||23 August 1636 - Naples, Italy
Oswald Tesimond, a Jesuit, was born in either Northumberland or York, in 1563 and was educated in York
in ‘Le Horse Fayre’ free school along with Guy Fawkes and the Wright brothers John and Christopher. He
entered the English College in Rome, on 9 September 1580 but joined the Society of Jesus on 13 April 1584
by leave of the cardinal protector, Moroni. After studying theology at Messina he taught philosophy there
and at Palermo. It is not known when he was ordained but he was sent to the Madrid seminary, leaving in
November 1597 to go on the English mission.
He landed at Gravesend on 9 March 1598. He assisted Father Edward Oldcorne in Worcestershire and
Warwickshire for eight years. On 28 October 1603 he was professed of the four vows.
Tesimond is chiefly remembered for his role in the Gunpowder Plot. It seems certain that Robert
Catesby revealed the plot to Tesimond, and Tesimond revealed it to the Jesuit superior, Henry Garnet,
under the seal of confession about 23 July 1605 with the object of seeking his advice. Tesimond went to
the conspirators on 6 November 1605 at Huddington (Worcestershire), after their flight from London, to
give the usual consolations of religion to the conspirators seen as a group of Catholics in dire
spiritual need. Thomas Wintour at his execution cleared the Jesuits and particularly Tesimond from any
charge of counselling or advising in the plot. Although in his hand, Tesimond's so-called narrative of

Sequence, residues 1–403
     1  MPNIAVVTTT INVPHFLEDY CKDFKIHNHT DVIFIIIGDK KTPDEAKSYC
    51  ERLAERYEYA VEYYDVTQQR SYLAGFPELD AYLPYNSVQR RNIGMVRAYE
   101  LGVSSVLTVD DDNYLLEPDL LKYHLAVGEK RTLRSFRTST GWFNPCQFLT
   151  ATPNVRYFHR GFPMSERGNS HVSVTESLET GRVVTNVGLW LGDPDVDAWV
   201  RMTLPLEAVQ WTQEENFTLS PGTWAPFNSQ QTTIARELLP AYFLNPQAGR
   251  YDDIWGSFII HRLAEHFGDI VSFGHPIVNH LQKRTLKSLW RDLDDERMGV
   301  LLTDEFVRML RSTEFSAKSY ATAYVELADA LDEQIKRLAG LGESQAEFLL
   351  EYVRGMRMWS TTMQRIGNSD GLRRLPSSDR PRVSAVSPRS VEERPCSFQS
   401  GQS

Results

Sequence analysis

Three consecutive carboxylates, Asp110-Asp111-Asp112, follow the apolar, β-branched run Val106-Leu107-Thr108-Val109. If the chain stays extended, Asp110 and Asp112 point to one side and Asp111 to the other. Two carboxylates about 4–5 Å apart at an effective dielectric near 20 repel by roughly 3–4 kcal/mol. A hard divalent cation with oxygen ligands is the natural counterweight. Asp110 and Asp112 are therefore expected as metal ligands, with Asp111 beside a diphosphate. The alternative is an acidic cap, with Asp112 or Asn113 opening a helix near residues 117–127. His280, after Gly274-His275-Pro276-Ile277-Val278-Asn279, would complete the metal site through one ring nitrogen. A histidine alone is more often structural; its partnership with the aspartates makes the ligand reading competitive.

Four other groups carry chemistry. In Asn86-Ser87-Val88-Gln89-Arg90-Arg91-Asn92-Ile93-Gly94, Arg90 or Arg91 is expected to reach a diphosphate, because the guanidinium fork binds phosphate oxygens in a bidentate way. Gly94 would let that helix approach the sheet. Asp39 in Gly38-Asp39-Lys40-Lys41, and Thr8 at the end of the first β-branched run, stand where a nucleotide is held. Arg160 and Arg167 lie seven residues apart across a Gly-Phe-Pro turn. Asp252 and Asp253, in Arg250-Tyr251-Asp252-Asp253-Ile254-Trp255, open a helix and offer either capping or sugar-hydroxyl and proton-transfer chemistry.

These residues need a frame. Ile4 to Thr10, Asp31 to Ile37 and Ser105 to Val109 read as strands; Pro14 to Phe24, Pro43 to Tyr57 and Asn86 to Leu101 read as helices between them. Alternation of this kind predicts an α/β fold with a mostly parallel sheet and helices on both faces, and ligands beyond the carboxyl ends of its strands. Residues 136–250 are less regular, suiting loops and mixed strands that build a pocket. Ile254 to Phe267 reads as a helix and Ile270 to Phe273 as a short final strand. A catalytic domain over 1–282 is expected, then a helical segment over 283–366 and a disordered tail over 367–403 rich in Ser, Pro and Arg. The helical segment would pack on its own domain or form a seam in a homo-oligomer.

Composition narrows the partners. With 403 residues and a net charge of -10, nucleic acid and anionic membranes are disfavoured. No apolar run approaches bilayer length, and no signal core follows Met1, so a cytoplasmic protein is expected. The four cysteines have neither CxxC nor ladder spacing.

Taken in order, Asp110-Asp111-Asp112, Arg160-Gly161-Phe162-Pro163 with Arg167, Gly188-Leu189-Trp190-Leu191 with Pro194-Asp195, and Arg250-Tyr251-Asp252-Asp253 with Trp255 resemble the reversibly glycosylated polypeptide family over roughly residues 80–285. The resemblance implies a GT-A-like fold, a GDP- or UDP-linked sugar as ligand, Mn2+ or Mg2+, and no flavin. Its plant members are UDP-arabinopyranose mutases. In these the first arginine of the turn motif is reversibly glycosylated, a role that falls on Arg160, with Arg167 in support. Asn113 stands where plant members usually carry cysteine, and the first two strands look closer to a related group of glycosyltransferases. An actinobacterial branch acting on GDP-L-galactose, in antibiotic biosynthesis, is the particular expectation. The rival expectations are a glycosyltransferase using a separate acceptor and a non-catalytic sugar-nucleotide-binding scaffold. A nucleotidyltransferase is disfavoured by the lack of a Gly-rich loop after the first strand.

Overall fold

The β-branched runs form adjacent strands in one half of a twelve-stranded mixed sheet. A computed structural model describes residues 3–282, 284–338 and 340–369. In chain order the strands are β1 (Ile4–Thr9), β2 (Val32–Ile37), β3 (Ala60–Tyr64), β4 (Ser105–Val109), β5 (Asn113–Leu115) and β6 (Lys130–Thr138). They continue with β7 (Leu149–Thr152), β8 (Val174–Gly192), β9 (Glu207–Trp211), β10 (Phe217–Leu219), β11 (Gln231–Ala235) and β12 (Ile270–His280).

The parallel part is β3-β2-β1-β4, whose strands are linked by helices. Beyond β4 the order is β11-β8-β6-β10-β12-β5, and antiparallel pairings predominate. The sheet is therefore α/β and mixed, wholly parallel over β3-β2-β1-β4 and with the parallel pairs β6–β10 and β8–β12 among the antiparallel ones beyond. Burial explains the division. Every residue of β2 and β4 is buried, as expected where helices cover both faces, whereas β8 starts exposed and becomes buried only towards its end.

the Gunpowder Plot—in poor Italian but one of the two most complete accounts (both are at Stonyhurst
College)—was probably based on the work in Latin of a secular priest. It was sent to Rome for the better
information of the Jesuit authorities.
The proclamation for Tesimond's arrest on 15 January 1606 described him as
..of a reasonable stature, black hair, a brown beard cut close on the cheeks and left broad on the
chin, somewhat long-visaged, lean in the face but of a good red complexion, his nose somewhat long and
sharp at the end, his hands slender and long fingers, his body slender, his legs of a good proportion,
his feet somewhat long and slender.
Successfully handing off an attempt by a pursuivant to arrest him in London he holed up in papist
houses in Essex and Suffolk until he was able to take a small boat to Calais with a cargo of dead pigs,
of which he passed as the owner. After some time at St Omer he moved south. Sir Edwin Rich reported his
recent arrival in Naples in a letter to James I of 5 October 1610 warning him against accepting a gift of
poisoned clothing which Tesimond was supposed to be sending him.
Tesimond became prefect of studies and consultor at Messina from 1617, a post he held for some years,
with a spell at Rome from 10 January until 10 December 1621, when he returned to Messina. In 1626 he was
in the professed house at Naples as confessor in the church. After holding other offices in the province
he died in Naples on 23 August 1636 and was buried there.
Copyright Francis Edwards and the DNB